The Graduate Employees Organization (GEO) unanimously voted to suspend the two-day strike Tuesday night after tentatively agreeing to a new three-year contract with the university earlier in the day. Its decision was the culmination of more than six months of negotiations that came to a head Monday.
The new agreement secures all four “pillars” of the union’s original contract tenets:
- Protections for tuition waivers (the sticking point that prompted the protests).
- Two weeks of unpaid parental leave.
- Increased healthcare subsidies.
- Minimum salary raises totaling 10 percent over three years.
The GEO, part of the American Federation of Teachers, will meet in the coming days to ratify the contract, which will be passed onto the school for signatures to complete the deal.
“The tentative agreement…represents a major victory for labor in the state of Illinois and the United States,” the GEO said in a press release.
Talks between UIUC and the graduate union broke down over a proposal that threatened to reduce or eliminate tuition waivers for out-of-state graduate instructors. Students from other states represent a majority of the 2,500 members of the GEO, and many rely on waivers to fund their education amid an academic climate with rising student tuition.
“Without a tuition waiver, I can’t pay for anything. I can’t even apply for a credit card,” graduate student Sarah Hennebohl told the Daily Illini, the school newspaper. “I don’t want to have to discontinue my education.”
But Emily Isaacson, a doctoral student in the university’s music school, says tuition waivers were never in real danger of being reduced or going extinct because they are a staple of graduate education and crucial to making a school competitive. If the waivers disappeared, Isackson said, “UIUC would immediately become a bottom-tier university…All good graduate students would go elsewhere.”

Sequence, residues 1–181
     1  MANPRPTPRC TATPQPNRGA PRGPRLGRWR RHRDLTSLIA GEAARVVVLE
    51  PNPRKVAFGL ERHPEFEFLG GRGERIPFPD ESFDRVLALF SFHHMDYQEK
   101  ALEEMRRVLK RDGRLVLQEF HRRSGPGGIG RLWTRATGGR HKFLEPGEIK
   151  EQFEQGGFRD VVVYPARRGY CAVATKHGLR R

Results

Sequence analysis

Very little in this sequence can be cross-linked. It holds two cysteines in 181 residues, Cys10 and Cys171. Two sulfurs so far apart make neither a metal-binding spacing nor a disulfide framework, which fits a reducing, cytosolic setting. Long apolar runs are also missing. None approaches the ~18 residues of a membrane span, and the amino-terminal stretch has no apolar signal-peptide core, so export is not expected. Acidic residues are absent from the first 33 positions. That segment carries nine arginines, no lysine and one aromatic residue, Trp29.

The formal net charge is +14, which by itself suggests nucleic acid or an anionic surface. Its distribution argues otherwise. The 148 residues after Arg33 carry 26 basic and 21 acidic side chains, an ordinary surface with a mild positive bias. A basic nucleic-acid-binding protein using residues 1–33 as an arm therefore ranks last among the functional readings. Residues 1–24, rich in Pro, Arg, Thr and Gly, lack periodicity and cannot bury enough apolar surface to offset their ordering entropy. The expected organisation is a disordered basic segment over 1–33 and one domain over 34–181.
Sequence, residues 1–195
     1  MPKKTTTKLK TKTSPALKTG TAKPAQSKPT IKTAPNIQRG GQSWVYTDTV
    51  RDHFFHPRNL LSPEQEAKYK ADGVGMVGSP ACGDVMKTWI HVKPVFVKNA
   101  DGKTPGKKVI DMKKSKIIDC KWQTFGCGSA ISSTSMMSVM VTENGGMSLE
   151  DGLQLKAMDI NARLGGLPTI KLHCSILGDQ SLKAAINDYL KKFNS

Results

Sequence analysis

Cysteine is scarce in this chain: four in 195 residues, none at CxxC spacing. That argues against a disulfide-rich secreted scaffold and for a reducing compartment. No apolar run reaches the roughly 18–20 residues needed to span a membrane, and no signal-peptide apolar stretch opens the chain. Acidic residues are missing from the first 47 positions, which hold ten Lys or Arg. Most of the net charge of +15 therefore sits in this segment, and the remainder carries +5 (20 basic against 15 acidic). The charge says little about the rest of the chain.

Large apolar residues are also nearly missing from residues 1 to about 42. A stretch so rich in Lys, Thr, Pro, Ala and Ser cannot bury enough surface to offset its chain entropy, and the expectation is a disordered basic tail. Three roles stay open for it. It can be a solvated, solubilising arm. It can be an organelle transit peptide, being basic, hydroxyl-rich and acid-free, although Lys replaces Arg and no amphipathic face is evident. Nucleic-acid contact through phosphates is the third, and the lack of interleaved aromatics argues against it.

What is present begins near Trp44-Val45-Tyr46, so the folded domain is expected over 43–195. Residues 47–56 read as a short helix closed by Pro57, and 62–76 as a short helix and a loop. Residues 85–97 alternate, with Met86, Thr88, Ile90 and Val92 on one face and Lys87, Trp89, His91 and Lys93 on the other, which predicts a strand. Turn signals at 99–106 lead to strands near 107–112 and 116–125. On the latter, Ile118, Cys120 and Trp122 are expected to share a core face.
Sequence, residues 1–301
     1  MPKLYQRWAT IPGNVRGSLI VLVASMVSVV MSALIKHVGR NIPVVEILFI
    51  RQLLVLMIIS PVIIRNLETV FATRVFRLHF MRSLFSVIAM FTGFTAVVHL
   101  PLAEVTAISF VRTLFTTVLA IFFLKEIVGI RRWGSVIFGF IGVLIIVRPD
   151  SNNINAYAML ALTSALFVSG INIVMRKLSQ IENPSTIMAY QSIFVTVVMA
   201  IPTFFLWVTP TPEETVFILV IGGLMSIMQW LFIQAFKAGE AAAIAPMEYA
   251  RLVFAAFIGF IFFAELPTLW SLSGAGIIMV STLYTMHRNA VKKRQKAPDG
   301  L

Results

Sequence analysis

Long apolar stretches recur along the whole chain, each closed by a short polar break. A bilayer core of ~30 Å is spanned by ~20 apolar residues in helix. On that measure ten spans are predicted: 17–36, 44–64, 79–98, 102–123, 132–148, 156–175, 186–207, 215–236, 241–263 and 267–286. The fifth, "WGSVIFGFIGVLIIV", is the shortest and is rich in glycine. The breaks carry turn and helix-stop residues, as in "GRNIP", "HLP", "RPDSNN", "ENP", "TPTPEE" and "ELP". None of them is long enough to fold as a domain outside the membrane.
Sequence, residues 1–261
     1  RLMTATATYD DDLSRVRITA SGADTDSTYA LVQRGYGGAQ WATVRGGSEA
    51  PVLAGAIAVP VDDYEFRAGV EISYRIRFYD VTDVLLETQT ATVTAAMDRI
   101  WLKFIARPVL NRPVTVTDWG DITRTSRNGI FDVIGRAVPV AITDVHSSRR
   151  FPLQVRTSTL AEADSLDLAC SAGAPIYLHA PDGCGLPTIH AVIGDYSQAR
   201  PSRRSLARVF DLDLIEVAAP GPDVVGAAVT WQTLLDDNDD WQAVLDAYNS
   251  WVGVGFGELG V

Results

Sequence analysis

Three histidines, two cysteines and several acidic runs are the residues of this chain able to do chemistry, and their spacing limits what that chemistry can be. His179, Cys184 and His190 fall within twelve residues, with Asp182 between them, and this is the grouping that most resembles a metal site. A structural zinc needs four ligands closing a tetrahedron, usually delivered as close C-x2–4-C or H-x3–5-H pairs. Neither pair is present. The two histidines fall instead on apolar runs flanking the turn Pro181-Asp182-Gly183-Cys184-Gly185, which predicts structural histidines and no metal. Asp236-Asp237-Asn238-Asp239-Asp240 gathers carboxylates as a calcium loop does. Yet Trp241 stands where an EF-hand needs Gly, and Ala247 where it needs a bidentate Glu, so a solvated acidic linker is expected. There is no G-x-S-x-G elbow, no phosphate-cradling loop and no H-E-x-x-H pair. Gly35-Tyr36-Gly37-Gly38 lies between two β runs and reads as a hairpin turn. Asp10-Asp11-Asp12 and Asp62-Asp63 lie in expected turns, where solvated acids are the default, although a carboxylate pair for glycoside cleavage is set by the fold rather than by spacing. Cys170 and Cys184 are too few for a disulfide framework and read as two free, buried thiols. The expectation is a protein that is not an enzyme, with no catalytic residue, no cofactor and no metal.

Although she supported the strike, Isaacson wishes the GEO had focused on living stipends. “UIUC graduate employees are not only paid much less than the surrounding universities, like Michigan, Iowa, and Wisconsin,” she said. “We are not payed enough to live on. I’m disappointed this was not made more of an issue.”
The university maintained that it could not make concessions due to a tight fiscal budget. But Tuesday, UIUC and GEO finally agreed on tuition protections as long as graduate teachers holding qualifying assistantships are in good academic standing and make progress towards graduation.
“We value the contributions our graduate assistants make to the campus, and we feel this tentative agreement represents the best possible contract given the financial constraints we face,” said Robert Easter, the school’s interim provost and interim chancellor.
During the recent negotiations the university and union traded shots online. The school sent mass e‑mails to students and faculty explaining their stance, while the GEO posted statements and rebuttals on its homepage.
Negotiations had been ongoing since April. The union had been working without a contract since August 15 leading up to this week’s strike.
On Monday, several hundred graduate students gathered on the school’s Quad as students pondered whether to cross the picket lines to attend class. Some professors resumed classes in buildings not owned by the university.
Despite the disruptions, most of the student body supported the protests. The new contract is surely a boon for graduate students, but issues over low pay and scant benefits are hardly unique to the University of Illinois.
As In These Times has reported, universities are increasingly shifting toward profit-oriented models offering little job growth. And the problems have been hastened by the financial crisis. In the face of state budget cuts, graduate students and faculty from the East to the West Coast have protested over employee furloughs and reductions in health services.
As the university increasingly tried to cut costs, the GEO was sustained by a network of supporters that extended from students to academic unions. In return, the GEO echoed the same sentiments toward other institututions facing similar problems.
“The GEO stands with higher education labor unions across the nation opposing the ongoing corporatization and privatization of our public higher education system. Public higher education must be accessible to all, regardless of economic standing,” the union said.